Saraveza (Portland) tonight is holding their “Michigan on North Michigan Night” basically a tap takeover of Michigan beers (left over from the CBC): “Saraveza may be a Wisconsin bar, but we love our neighbors in the mid-west and on our side street, North Michigan Ave. It’s Michigan on North Michigan Avenue night! All Michigan beers on tap from Bell’s Brewery, Inc. & Founders Brewing Co.! We’ll play some Euchre, eat some pasties and listen to some tunes outta Detroit eh?” The fun starts at 5pm.

PFriem Family Brewers (Hood River): They are hitting Bend this week to roll out their bottle releases, with a full schedule the next several days: Crow’s Feet Commons today, the 22nd, from 5 to 8pm; Broken Top Bottle Shop on Friday the 24th from 5 to 8pm; Newport Avenue Market on Saturday the 25th from 3:30 to 5:30pm; and the Platypus Pub Saturday night from 6 to 8pm. Among bottles I’ve seen listed elsewhere are Pilsner, IPA, Blonde IPA, Begian Strong Dark, Belgian Strong Blonde, Saison, Flanders Red and Flanders Blonde.

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Tuesday Tastings: Pinedrops, Lunch Break, Summer SMASH

I skipped a couple of weeks of Tuesday Tastings mostly because of the CBC, but I’m back this week with all Oregon beers of the “Pale” variety that are all quite tasty.

Deschutes Brewery Pinedrops IPA

Deschutes Brewery Pinedrops IPAI received bottles of Pinedrops plus a Hydro Flask “True Pint” a couple weeks ago, and sampled a Pinedrops out of the True Pint to give it a test run. So this review will comment on both.

Pinedrops is definitely a “Northwest style” IPA, with 6.5% abv and 70 IBUs. It’s also a bit of a throwback IPA style to a time when our NW IPAs were lighter with less tropical-fruit-floral and were heavier and with more bitter hop emphasis—in fact, part of the goal was to capture the essence of pine trees:

This lively IPA delivers a crisp and light malt body with ample citrus and pine notes from Chinook and Equinox hops. Inspired by the aromas and silence we experience when exploring the scenic pine forests just up the road from our brewhouse.

The True Pint is kind of cool but as you can see in the picture, affords absolutely no visual cues as to how the beer itself looks, just the foam. The Hydro Flash double-wall vacuum insulation (basically, like a thermos) seems to keep cool. You can see from the shape it’s really little more than a shaker pint so you don’t get the best aroma quality, and while it does hold 16 ounces, it’s measured if you fill right to the rim, with no foam. So I won’t use this every day (or most days) but it would be a good addition for camping and similar.

Pinedrops IPA itself, well I do enjoy this beer, and like I said, it’s a bit of a throwback in flavor. Caramelly crystal malt, a pitchy resin bitterness, not as much fruit and yes, it smells piney and hoppy. I have of course had this beer before and I like it; perhaps not as much as, say, the brewery’s Fresh Squeezed IPA, but this is a suitably “Oregon” beer. It’s fairly balanced and finishes very clean as most of Deschutes’ beers do, not too cakey or sweet from the maltiness.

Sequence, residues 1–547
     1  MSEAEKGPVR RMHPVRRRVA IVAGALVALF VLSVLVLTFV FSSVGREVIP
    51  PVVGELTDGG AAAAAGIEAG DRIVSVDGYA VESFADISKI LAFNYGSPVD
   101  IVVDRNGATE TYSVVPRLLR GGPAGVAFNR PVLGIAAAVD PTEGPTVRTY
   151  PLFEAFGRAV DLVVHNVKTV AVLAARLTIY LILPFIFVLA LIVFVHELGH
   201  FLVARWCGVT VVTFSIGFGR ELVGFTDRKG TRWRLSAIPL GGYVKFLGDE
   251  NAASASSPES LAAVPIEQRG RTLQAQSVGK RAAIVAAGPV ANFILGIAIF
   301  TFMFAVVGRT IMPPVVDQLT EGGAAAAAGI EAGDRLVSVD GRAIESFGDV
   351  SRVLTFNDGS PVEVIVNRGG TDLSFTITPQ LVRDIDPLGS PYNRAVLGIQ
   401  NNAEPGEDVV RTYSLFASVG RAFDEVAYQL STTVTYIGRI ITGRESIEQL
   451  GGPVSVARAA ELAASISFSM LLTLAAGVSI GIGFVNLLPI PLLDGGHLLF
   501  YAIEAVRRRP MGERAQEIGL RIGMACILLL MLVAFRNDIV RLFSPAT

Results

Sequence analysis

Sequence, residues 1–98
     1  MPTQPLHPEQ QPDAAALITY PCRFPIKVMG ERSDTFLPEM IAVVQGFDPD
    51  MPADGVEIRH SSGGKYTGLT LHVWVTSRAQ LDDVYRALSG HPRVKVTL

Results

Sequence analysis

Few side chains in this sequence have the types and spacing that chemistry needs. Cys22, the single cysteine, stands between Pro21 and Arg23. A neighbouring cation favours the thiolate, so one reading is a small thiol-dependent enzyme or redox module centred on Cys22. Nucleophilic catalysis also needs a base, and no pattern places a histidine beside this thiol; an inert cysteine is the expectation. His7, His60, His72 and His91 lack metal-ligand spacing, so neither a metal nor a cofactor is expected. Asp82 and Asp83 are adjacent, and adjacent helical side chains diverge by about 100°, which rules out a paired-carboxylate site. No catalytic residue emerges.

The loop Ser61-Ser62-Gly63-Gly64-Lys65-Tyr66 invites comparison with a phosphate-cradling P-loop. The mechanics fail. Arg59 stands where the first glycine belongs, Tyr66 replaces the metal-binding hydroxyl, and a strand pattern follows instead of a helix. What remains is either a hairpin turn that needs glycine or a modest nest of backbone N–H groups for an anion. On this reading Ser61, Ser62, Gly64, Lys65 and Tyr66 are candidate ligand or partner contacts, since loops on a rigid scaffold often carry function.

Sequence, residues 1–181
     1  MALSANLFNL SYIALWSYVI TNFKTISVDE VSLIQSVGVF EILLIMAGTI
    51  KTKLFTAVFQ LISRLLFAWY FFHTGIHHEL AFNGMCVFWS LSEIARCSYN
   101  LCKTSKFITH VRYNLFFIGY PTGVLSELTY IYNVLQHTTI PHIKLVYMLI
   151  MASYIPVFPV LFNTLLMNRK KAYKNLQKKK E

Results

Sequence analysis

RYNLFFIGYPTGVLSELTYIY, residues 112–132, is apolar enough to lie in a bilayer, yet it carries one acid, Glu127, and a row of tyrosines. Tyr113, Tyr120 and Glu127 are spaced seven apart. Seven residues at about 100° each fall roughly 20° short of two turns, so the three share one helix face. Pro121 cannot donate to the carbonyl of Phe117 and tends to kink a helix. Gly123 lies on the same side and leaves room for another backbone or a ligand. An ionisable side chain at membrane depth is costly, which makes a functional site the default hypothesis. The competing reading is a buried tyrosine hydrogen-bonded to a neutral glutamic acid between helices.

Now I just need to drink this out of a proper glass for the best aroma characteristics…

Untappd, BeerAdvocate, RateBeer

Breakside Brewery Lunch Break India Session Ale

Breakside Brewery Lunch Break ISAWhether you love or hate this so-called “India Session Ale” style—I personally quite like them, though don’t see the need to put the “India” marketing term in front of everything (unless I’m ironically creating a new style)—Breakside’s version is pretty delicious. This year-round beer is 4.7% abv and 28 IBUs. Their description:

Lunch Break is our hop forward session beer, built for enjoying any time of day. Whether you call this beer a Session IPA, American Pale Ale, India Session Ale, Mini IPA, or something totally different, we know that you’ll find this beer to be full of juicy, classic hop flavor with just enough malt backbone to keep things in balance. We reserve some of our favorite hops–Simcoe, Amarillo, Cascade and Centennial–to use in this beer, which gives the aroma a heady mix of lemongrass, orange marmalade, grapefruit, pine and resin. Hop heads who seek a big punch of hops in the nose need look no further!

Appearance: Clear orange color, poured a big fluffy white head. (Picture is a vigorous pour, not infected/foamy.) Bright, and turns nicely gold in color when held to the light.

Smell: Fresh and resiny hop aroma, plummy citrus fruit, very “Northwest.” Not overwhelming but brings nice fresh hops to the forefront.

Taste: Light, juicy, toasty malt balanced with a casual hop bitterness and juicy (reiterated) hop fruit flavors washing over the tongue. Really well-melded, with bread crust, mango, lemon peel, and earthy bitterness.

Mouthfeel: Light-bodied with a noticeable malt backbone and juicy character in the finish.

Overall: Very good, one of the best-balanced examples of the ISA style I’ve tried.

Untappd, BeerAdvocate, RateBeer

Portland Brewing Summer S.M.A.S.H. Pale Ale

Portland Brewing Summer S.M.A.S.H. Pale AleThis is another recent arrival the brewery sent me, just last week in fact. Yes, I do think April is too early to be heralding summer beers, but unfortunately it’s driven by demand and distributors afraid of losing shelf space and tap handles, so here we are. On the other hand, I enjoyed this beer, and despite being nominally classified as an American Pale Ale, I think it works much better (and really well) as an English Pale Ale (English Summer Ale?) which crystallized for me as I was drinking it. With 5.6% abv and 35 IBUs it’s not terribly big and would be a good hot weather drinker.

Incidentally SMASH means “Single Malt and Single Hop” and they say, “One hop and one malt combine for a dazzling display of a rich, bready malt base with lush pine and citrus hop notes.”

Appearance: Bright copper, super clear, with lacy off-white head that presents as wispy foam.

Smell: Green and lightly-resined hops, with touches of fruitiness but more earthy. Very clean, minimal malt, bready nose. Foam is slightly soapy.

Taste: Minerally malt graininess in the backbone, firm and slightly steely (lightly roasted?). The hops are clean and mellow, a bit earthy with a note of herbal tea. Strikes me as having a classic English Pale aroma and flavor.

Mouthfeel: Medium-bodied with a clean, toasty finish.

Overall: Really good example of a classic English Pale Ale after working through it. Plus it drinks easy, like a session beer.

Untappd, BeerAdvocate, RateBeer